Boxes: The Secret Life of Howard Hughes
~ A Capsule Book Review by Allen Kopp ~
As a young man, Howard Hughes (born 1905) inherited the Hughes Tool Company from his father, using it as the starting point to build a vast business empire. He was a pioneer of aviation design and a daring test pilot (in 1946 he was nearly killed when the aircraft he was testing crash-landed and burned). In the 1930s and ‘40s, he was a movie maker in Hollywood, having become enamored of the movies as a child. He owned an airline and then another one, getting into trouble with the U.S. government for violating antitrust laws. At one time he owned almost all the gambling casinos in Last Vegas, lending an air of respectability to an unsavory industry. For a while, he was not only the richest man in America, but the richest in the world. He was a playboy, an escort for some of the most beautiful and well-known ladies in Hollywood. He had ties with organized crime and rubbed elbows with some of the most famous political leaders of his time. More than anything else, though, he was known for being extravagantly eccentric, reclusive, and mysterious.
This following quote from the nonfiction book, Boxes: The Secret Life of Howard Hughes (by Douglas Wellman and Mark Musick), tells us a lot about the real Howard Hughes:
“The world of Howard Hughes is sometimes unfathomable. Between the things he did do, the things he didn’t do but was accused of, and the things he did but covered up, his life is a bewildering series of conflicting stories. He was a master of secrecy, intrigue, and diversion, which is apparent from the abundance of books and articles on the man, many of which are contradictory.”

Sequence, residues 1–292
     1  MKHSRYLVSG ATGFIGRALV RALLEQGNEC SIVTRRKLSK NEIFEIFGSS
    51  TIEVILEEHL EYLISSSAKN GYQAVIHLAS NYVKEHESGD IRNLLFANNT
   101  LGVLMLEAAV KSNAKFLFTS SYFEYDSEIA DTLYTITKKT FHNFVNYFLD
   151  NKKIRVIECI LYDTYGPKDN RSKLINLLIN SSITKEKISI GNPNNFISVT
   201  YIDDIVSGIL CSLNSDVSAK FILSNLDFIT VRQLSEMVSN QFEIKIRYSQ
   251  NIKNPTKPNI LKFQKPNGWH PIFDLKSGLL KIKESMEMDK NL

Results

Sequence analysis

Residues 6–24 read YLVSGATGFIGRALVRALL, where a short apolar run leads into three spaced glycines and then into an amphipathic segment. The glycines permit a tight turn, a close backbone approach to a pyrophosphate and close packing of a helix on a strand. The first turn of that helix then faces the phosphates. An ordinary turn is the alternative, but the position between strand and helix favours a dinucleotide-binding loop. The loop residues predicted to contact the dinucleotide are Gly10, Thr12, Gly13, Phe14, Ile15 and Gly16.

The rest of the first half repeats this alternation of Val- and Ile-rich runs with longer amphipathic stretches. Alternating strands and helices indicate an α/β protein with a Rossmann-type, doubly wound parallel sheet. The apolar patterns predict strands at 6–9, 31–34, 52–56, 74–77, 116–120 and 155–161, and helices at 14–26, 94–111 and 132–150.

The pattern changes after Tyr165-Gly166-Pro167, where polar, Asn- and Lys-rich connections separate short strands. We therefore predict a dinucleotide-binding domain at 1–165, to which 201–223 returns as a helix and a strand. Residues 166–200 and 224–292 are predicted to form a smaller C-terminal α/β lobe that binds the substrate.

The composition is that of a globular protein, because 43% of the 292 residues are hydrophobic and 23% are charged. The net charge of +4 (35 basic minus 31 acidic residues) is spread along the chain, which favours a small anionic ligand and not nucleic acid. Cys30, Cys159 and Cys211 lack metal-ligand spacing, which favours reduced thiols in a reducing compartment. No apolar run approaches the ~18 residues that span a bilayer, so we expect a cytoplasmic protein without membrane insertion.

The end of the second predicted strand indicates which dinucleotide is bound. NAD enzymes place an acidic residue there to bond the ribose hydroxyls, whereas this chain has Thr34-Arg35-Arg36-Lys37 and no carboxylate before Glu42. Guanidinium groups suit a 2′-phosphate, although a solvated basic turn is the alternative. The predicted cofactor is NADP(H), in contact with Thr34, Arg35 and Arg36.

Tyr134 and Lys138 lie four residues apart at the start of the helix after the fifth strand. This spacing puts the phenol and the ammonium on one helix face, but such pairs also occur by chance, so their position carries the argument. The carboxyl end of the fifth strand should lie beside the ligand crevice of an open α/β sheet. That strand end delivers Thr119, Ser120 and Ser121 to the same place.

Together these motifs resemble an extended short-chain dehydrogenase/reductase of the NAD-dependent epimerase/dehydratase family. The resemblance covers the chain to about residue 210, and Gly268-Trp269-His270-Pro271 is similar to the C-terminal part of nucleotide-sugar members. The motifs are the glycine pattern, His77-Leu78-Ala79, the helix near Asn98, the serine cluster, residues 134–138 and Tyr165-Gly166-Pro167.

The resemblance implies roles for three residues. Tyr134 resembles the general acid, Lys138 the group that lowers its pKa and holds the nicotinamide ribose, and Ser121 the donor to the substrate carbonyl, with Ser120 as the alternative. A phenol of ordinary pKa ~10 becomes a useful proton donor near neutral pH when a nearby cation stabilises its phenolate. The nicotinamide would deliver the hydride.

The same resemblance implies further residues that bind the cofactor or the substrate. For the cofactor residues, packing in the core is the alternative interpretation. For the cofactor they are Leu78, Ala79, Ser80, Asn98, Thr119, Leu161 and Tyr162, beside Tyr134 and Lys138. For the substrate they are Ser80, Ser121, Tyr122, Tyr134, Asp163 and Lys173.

At the height of Howard Hughes’ fame, the world knew him as a rich eccentric. People loved to talk about him and write about him, but much of what was spoken and written was exaggeration or blatantly untrue. Nobody could know Howard Hughes, so people fabricated stories about him to sell books, newspapers and magazines. He was “hot” copy.
The world believes that Howard Hughes died a broken old man at age 71 in April 1976. He had been living in a Las Vegas hotel room, barely kept alive by his uncaring custodians. He was filthy, malnourished, emaciated and addicted to Codeine, Valium, and other drugs that he didn’t need. He left behind a fortune in excess of two billion dollars. At the time of his supposed death, he had at least forty pending lawsuits against him and was being hounded all the time by the U.S. government for non-payment of taxes. Great wealth has its own unique problems.
The premise of the nonfiction book Boxes: The Secret Life of Howard Hughes is that Hughes didn’t really die in 1976. A decoy died in his place, a Howard Hughes stand-in, presumably a Las Vegas derelict of about the same age, with similar physical characteristics. Why would a man like Howard Hughes fake his own death? The answer should be obvious. He wanted to be left alone, to live the rest of his life in peace and seclusion. The forfeiting of his great wealth was the price he was willing to pay.
We hear all the time about people faking their own deaths, but if anybody could do it, it was Howard Hughes. He had the means to do it and the “enablers” to carry out his wishes and keep their mouths shut. He assumed the name and identity of Verner “Nik” Nicely. He married a woman named Eva McClelland. He died in 2001 at the age of 95.
The book presents plenty of compelling evidence that the mysterious and eccentric old man named Verner “Nik” Nicely was in reality Howard Hughes. Mr. Nicely had burn scars on his body, consistent with the scars that Howard Hughes sustained in a crash in his test pilot days. He was the same height as Howard Hughes, had the same physical characteristics, and was in possession of encyclopedic knowledge of aviation and mechanics. His wife, Eva, who died a few years after he died, was certain that she was married to the once-famous Howard Hughes. Read the book and decide for yourself if she was telling the truth.
Copyright © 2022 by Allen Kopp